Did Mel Gibson’s despicable comments about Jewish people prevent movie goers from attending his last movie? Not much. Was his movie considered for academy award contention? Yes. Was there outrage? Yes, there was some, and rightfully so.
How many insulting remarks have been made against many ethnic groups by well known individuals who managed to survive?
Don Imus made a regrettable comment referring to female black basketball players as nappy haired hoes. Yesterdays played-out black leaders – Jesse Jackson and Al Sharpton – are at the gate screaming, “Off with his Head.” Do they reflect the black sensibility? The Rutgers Women Basketball Team are expressing their rightful indignation and will receive more apologetic pandering from the much humiliated and humbled Imus.
Who remembers the Tawana Brawley debacle that began in 1987? After an incredibly painful episode, it was eventually thrown out of court by a grand jury for lack of credibility. Al Sharpton led the charge, ruined some innocent lives, and never apologized. It was a humiliating chapter in Black politics. The self-righteous Mr. Sharpton never skipped a beat. He was, after all, a black man who continues to demand eternal recompense for the evils of slavery. Slavery will never be alright, nor should we ever forget. But, we must move on, cognizant of our past insults; for tomorrow is another day.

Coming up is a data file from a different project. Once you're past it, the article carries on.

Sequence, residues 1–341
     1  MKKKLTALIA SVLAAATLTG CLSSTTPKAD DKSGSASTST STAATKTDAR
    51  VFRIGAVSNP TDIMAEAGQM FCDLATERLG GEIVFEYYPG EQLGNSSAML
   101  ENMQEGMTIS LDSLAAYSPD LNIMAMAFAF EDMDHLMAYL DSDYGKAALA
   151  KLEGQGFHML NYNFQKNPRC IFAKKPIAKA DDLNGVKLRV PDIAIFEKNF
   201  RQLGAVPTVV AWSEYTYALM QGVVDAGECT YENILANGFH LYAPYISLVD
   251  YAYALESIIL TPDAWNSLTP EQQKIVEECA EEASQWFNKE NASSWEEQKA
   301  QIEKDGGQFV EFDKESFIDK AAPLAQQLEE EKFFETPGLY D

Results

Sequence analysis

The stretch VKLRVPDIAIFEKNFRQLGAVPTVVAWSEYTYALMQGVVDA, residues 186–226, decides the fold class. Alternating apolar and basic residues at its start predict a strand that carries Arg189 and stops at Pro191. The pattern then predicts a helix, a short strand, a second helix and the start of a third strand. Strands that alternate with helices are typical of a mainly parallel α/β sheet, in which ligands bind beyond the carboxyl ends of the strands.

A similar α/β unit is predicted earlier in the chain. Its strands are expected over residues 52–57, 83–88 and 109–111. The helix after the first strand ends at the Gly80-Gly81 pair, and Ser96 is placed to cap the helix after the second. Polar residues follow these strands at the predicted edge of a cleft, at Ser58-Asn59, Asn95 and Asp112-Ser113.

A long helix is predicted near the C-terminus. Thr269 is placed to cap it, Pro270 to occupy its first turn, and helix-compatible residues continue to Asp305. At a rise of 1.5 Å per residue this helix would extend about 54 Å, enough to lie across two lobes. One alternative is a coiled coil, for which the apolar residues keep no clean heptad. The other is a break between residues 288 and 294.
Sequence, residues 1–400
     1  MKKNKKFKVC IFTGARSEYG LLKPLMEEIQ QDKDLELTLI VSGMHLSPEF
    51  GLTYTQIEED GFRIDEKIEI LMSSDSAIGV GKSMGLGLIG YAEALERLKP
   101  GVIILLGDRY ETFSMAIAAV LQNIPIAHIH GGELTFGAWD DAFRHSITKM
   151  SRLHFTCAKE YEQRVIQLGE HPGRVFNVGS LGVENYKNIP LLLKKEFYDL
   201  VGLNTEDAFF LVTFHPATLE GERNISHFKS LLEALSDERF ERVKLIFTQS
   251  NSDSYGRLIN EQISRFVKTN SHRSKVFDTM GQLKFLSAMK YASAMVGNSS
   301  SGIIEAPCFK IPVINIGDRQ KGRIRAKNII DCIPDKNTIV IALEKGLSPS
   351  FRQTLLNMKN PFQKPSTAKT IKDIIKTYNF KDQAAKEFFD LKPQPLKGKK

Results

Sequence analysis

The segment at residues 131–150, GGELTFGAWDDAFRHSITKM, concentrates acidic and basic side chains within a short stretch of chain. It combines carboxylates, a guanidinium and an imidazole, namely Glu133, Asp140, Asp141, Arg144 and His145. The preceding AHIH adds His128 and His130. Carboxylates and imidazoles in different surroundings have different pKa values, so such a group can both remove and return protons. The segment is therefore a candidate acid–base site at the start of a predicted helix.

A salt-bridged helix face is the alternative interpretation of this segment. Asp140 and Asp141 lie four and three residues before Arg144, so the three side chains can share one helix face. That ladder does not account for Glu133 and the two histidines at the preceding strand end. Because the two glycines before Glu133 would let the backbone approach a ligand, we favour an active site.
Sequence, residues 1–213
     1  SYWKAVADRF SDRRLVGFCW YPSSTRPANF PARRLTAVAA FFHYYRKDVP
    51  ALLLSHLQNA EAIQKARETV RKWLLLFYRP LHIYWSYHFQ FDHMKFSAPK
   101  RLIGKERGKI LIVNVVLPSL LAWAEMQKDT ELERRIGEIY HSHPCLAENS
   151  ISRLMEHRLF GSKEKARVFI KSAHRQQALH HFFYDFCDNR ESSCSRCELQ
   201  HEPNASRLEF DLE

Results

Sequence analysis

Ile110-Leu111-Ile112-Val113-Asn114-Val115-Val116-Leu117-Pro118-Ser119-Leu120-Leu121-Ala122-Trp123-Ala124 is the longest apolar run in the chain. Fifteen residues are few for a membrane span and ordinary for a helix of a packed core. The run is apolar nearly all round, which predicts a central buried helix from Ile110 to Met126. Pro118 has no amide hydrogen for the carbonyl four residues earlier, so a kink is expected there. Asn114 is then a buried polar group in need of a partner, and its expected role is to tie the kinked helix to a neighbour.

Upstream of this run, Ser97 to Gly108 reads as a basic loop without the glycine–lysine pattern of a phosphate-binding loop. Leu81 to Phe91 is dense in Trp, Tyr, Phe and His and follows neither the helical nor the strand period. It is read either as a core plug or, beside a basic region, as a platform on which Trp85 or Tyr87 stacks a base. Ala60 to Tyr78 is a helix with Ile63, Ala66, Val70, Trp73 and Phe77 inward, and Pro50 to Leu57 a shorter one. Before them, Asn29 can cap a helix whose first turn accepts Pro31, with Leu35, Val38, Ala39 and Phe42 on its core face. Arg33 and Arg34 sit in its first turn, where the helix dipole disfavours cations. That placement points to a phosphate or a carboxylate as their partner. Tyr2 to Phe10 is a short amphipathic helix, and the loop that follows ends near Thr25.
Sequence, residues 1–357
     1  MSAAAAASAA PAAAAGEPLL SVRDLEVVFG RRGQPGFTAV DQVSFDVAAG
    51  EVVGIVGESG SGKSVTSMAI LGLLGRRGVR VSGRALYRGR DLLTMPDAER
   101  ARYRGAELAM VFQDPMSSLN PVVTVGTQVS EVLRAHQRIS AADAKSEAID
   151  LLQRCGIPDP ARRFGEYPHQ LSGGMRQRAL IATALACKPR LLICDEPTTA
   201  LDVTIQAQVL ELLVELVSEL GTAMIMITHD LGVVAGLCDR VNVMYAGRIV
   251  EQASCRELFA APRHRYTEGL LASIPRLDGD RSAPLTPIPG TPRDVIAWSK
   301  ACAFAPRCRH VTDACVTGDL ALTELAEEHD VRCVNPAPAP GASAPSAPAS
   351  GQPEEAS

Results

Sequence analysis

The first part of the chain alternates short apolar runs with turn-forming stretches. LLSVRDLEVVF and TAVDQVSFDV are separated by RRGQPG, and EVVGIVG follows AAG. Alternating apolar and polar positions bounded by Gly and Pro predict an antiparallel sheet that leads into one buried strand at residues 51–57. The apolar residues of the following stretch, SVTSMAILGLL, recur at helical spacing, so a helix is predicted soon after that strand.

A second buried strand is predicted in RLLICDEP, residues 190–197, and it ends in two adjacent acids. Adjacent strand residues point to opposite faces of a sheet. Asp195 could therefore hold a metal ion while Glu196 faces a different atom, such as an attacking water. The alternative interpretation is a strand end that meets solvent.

I’m afraid this is selective grandstanding around an unfortunate insulting remark that Imus has profusely apologized for. What about rap music? Have you listened to the repetitive words that encourage violence against women? The statistics tell us that such female brutality takes place every day in this country. We need not focus on the Middle East to find egregious instances of this outrage.
The guy made a mistake. He apologized. He got docked for two weeks. What more do they want? They want his head, along with his career. They want to profoundly punish him. Teach us all a lesson we will never forget. Do I dare say that Blacks have us in a politically correct vice that is so tight we can barely breathe. I’m not supposed to say that, I know. But why do listeners tune in to the likes of an Imus or Howard Stern? Could it be they crave candor and bold observations wrapped in insulting commentary because we are forbidden from engaging in honest dialogue. Some obviously find it titillating because it’s forbidden to express real feelings. This is not to suggest Imus’s prattle was worthwhile or responsible. We know better then that. But, it is to say that there is a need for these outlets or why else would these radio jocks be so popular.
Seriously, there are a lot more truly insufferable things to get upset about. How about those two young girls who were killed in a vehicular accident by an illegal immigrant who had already broken the law and should have been deported? Where is the outrage over that? Those girls are dead.
People of color should get real and start dealing with the serious problems inherent in their culture. They should also celebrate their profound accomplishments and progress clearly in evidence. These blame-game tactics are wearing thin and are unnecessary. They no longer need to resort to strategies that inflict bullying and intimidation. They’ve come too far for that.
Don Imus has learned his lesson. We all have. Let him get back to what he does. His public awaits his return.